Let me tell you this. Two things will be inevitable in your lives - you will have successes. And you will have failures. You must seize both for your constant betterment. Successes tell you that you can attain more successes in the future. Your failures tell you that you can survive, and move one. In the end, it is your character which counts.

A turtle can't move forward without sticking his neck out. You can't score points without shooting that basketball. You can never be successful without taking risks. I therefore encourage you to choose boldness, not safety; excellence, not mediocrity; the strenuous life, not the easy existence.

Finally, remember that success must be defined by something greater than yourselves. At First Pacific, we say nothing is successful unless it improves the lives of people.

Those running a business are not the only ones with this responsibility. You are now richer than most Filipino, simply by having received a quality education. Which means the same question constantly asked of me must be asked of you now: How much of your blessings will go to helping Filipinos uplift their welfare?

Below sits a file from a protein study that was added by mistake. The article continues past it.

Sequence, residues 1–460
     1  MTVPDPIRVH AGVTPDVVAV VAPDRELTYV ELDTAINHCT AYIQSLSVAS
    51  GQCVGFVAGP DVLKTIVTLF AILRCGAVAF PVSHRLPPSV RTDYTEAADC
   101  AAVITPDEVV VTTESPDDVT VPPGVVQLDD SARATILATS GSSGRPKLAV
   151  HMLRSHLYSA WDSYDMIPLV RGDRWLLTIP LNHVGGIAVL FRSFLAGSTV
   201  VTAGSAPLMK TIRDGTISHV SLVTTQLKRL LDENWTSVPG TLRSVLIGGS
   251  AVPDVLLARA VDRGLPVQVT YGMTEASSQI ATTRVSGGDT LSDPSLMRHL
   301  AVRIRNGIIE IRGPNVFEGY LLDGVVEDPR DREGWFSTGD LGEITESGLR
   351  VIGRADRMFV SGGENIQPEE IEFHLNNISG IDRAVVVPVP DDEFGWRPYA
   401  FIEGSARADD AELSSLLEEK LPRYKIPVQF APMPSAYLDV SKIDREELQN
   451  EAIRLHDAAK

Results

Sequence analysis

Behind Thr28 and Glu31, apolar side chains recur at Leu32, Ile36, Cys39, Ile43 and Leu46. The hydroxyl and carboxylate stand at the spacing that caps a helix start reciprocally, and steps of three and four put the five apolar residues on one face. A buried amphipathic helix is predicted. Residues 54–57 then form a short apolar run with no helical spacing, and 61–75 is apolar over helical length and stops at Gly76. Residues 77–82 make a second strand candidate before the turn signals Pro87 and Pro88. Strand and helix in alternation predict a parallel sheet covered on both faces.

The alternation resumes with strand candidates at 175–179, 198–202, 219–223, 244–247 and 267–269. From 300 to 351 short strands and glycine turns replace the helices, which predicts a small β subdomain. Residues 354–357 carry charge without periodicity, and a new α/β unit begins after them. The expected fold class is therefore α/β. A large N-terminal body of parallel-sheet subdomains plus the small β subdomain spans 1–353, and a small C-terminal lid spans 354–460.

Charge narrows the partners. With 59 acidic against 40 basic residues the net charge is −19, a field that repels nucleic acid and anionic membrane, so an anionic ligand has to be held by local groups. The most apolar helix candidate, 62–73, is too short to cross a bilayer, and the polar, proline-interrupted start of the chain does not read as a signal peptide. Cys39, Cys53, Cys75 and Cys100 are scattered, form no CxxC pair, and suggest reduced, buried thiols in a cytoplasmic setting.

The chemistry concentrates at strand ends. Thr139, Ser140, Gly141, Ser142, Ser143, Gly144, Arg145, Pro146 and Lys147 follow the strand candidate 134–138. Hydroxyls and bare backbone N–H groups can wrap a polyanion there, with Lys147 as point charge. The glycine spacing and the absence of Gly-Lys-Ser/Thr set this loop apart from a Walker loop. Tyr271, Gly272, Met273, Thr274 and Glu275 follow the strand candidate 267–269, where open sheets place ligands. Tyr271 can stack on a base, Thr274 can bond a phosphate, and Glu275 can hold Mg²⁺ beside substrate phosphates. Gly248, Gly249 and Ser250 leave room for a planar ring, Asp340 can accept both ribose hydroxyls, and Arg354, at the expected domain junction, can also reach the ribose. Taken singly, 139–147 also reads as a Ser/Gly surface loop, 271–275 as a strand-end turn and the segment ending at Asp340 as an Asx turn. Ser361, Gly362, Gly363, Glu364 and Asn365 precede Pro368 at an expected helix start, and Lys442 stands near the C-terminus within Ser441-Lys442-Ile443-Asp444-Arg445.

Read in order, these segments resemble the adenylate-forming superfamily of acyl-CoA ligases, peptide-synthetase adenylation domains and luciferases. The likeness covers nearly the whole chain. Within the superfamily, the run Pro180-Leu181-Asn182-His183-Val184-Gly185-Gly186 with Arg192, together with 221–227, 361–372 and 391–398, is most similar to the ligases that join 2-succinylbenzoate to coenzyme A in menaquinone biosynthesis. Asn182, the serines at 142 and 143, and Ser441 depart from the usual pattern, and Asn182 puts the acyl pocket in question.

Let me conclude by quoting the Argentine revolutionary Che Guevarra who wrote: "The true revolutionary is guided by strong feelings of love."

PWU was a child of such revolutionary love. Nick Joaquin wrote about the nascent romance between Francisca Tirona and Conrado Benitez, who both studied to become teachers at the Philippine Normal School. It was their shared passion for education, combined with a common goal of preparing for a life of service and leadership, that gave life to P-W-U.

Like Che Guevarra and your founders - you can be real revolutionaries - driving by love of country, of family, and of our people.


Magpapaalam na po ako.

Sa araw na ito, ako'y nagagalak at nalulugod na maging kaakibat kayong lahat - lalo na sa pagpapaunlad ng ating minamahal na bayan.

At sa paglisan ninyo sa pamantasang ito, ngayong araw ng pagtatapos, ipangako ninyo na kayo ay magiging bahagi sa pagbangon ng ating bansa. Ipangako ninyo na ang Pilipinas ng bukas - at ng lahat ng mga bukas pang darating - ay magiging mas maunlad kaysa sa Pilipinas ng kahapon.

Congratulations at mabuhay kayong lahat!

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Manny Pangilinan's Secrets to Success

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"Manny Pangilinan Speech and His Secrets to Success" was written by Mary under the Communication / Speech category. It has been read 5246 times and generated 0 comments. The article was created on and updated on 05 April 2013.